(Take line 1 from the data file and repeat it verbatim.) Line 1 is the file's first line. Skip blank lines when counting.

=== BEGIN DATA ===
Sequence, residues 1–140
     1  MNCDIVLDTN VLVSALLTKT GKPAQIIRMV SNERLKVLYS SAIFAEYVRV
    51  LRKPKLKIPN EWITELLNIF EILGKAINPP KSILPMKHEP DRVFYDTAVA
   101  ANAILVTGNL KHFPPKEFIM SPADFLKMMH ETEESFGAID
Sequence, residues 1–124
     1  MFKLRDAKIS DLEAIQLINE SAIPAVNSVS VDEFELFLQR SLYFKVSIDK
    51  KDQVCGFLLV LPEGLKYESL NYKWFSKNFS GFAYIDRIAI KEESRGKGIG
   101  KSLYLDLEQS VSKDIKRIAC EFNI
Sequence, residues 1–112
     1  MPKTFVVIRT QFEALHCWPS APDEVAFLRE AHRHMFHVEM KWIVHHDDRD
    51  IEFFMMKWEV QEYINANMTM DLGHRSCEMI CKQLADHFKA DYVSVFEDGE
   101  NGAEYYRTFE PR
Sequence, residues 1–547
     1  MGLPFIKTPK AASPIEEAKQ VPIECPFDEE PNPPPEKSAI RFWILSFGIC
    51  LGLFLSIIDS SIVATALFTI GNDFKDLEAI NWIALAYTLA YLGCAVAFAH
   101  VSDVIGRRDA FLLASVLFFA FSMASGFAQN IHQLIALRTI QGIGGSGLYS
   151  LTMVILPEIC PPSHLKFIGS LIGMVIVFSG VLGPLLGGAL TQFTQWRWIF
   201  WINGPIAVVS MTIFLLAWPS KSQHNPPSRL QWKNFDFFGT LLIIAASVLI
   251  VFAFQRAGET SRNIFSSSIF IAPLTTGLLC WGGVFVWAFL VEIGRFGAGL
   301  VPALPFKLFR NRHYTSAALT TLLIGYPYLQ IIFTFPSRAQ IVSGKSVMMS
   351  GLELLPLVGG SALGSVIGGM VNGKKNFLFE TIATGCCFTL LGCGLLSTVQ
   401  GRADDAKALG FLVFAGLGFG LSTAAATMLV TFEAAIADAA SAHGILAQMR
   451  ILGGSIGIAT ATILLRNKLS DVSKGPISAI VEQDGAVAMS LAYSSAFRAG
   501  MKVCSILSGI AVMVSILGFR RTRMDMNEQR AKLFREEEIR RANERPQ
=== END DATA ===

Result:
Sequence, residues 1–140